Modeling Northeast Pacific Ecosystems
We [John Field, Kerim Aydin, Robert Francis and Sarah Gaichas] have
been involved in modeling the major trophic interactions in Northern
Current (NCC) in close collaboration with workers
at the Alaska Fisheries Science Center modeling the Gulf of Alaska, the
Eastern Bering Sea and the Aleutian Islands. The key objectives are to
develop of conceptual models of food webs, estimate how total removals
relate to standing biomass, production, optimum yield, natural mortality
and trophic structure. In addition to the static snapshots, we have also
been exploring dynamic ecosystem simulations; which can be best described
as a multi-species biomass-driven predator/prey surplus production model.
Although the modeling framework is limited in its ability to account
for some important ecosystem processes, in particular age structure,
the simplicity of its assumptions suggest that it is a useful tool for
integrating available data and knowledge in a dynamic way. The approach
is particularly relevant to evaluating whether observed trends and results
from single species assessments are consistent with commonly held notions
of ecosystem abundance, productivity, interactions and behavior.
challenge in doing so has been determining how best to incorporate climate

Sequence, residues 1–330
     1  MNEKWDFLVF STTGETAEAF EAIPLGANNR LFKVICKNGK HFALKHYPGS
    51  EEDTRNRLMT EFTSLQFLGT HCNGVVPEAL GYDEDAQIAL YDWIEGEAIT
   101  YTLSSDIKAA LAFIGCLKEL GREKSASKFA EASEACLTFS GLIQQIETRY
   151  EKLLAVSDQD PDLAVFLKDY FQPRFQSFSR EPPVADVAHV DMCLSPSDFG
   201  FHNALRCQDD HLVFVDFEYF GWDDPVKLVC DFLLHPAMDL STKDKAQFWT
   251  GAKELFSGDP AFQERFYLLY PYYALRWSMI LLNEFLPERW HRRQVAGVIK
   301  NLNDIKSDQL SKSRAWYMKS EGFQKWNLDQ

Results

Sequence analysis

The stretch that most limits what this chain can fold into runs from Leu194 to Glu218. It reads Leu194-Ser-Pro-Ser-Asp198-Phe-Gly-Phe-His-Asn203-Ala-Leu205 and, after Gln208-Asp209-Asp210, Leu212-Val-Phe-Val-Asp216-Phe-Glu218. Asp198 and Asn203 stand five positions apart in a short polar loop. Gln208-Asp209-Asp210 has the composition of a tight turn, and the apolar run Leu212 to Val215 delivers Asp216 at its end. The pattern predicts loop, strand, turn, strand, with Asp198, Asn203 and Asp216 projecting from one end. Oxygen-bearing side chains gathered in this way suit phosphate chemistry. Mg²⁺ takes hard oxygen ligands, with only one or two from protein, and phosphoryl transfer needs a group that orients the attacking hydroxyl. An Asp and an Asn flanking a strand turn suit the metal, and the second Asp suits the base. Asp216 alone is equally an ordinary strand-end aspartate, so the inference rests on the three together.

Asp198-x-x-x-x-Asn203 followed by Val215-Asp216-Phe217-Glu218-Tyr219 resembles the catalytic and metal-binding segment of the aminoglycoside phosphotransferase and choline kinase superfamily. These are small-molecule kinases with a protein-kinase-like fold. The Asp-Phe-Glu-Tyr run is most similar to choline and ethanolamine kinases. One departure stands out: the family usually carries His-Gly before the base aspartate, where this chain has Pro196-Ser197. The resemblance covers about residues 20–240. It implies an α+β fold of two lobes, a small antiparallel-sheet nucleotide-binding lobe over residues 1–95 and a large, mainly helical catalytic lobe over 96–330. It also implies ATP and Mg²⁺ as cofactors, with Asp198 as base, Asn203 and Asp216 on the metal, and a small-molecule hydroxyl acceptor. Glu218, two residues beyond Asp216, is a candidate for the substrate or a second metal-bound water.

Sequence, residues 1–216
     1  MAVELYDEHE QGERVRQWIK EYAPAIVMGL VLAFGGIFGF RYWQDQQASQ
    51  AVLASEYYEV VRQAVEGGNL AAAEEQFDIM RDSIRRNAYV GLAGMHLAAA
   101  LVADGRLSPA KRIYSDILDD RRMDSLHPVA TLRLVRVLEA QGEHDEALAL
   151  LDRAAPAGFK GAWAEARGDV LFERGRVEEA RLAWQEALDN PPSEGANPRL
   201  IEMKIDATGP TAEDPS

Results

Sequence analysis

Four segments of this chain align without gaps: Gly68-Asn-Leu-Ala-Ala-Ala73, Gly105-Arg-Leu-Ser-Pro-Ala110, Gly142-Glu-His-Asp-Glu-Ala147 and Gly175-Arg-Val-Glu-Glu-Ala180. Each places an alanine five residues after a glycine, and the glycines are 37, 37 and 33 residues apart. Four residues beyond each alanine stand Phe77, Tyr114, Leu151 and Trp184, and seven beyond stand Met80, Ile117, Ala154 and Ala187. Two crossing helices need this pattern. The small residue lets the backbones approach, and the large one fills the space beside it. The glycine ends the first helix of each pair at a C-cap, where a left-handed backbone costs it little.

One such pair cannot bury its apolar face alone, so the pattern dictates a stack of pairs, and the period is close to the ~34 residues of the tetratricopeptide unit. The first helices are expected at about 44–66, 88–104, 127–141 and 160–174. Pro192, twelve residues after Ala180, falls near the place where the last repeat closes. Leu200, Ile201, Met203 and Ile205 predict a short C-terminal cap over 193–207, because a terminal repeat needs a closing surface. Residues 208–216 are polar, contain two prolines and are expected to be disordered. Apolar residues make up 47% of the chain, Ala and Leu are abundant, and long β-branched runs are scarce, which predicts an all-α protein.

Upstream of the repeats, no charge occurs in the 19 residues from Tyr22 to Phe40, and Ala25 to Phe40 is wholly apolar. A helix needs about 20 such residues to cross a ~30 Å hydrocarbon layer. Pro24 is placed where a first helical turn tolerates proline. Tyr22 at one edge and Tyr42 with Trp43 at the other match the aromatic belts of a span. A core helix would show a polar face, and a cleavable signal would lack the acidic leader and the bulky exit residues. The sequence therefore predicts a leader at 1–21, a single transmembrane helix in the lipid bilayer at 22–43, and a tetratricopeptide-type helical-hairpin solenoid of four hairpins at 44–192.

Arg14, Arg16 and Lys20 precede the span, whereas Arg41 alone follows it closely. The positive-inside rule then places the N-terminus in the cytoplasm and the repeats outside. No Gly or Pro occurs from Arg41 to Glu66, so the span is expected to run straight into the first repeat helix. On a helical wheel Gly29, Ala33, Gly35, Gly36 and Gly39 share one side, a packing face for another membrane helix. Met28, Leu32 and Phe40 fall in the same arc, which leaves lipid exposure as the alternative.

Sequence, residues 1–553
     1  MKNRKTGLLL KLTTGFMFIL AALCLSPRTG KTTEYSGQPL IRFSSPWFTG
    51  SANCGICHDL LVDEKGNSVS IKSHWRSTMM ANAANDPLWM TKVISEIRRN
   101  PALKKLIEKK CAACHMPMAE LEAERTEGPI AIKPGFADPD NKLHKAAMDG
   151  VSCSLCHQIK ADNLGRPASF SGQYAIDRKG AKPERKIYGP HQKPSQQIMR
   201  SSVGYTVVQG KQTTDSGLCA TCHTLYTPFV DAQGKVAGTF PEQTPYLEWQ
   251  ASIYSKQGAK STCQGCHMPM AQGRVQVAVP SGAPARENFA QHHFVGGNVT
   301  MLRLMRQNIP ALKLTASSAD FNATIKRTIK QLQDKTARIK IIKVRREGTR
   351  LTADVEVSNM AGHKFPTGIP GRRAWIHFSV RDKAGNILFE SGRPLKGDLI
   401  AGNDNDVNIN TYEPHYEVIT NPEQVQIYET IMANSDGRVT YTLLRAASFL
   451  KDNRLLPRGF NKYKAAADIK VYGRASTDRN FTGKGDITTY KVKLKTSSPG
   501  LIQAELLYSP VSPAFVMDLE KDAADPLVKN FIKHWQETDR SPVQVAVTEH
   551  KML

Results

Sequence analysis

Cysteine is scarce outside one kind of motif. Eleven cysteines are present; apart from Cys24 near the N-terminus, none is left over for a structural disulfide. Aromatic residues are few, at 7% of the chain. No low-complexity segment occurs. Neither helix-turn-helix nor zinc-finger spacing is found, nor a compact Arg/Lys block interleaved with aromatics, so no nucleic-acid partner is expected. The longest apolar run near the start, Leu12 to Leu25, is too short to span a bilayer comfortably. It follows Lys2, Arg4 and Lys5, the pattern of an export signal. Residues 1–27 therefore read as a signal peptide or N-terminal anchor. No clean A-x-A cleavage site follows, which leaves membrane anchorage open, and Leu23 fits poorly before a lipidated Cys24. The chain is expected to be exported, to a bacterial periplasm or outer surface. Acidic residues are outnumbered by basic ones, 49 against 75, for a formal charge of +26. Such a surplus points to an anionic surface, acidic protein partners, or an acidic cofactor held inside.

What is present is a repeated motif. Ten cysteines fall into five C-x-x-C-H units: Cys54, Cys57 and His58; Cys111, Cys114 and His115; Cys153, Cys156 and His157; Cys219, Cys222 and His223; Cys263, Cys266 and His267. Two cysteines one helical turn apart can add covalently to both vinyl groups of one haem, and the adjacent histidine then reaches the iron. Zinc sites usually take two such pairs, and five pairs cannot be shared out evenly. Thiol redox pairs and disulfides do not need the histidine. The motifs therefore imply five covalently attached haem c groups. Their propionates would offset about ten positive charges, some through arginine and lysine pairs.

impacts and forcing processes into model dynamics, an effort that requires
numerous simplifying assumptions in order to accommodate the modeling
Climate is known to affect the Northern California Current
both from the bottom up (through short and long term variability in primary
and secondary productivity) as well as from the top-down (through variability
in the spatial distribution of key middle and top trophic level predators
such as Pacific hake, arrowtooth flounder, albacore, sardine and mackerel).
Consequently, it is clear that neither a single index, nor a suite of
indices, offers a clear forcing mechanism to explain the dynamics of
the system over time. We are hopeful that this approach may be useful
in evaluating the role of both fisheries and climate under alternative
assumptions of stability, and consequently lead to insights regarding
the potential impacts of fisheries at a systems level (albeit that of
a simplified system), rather than solely a single species perspective.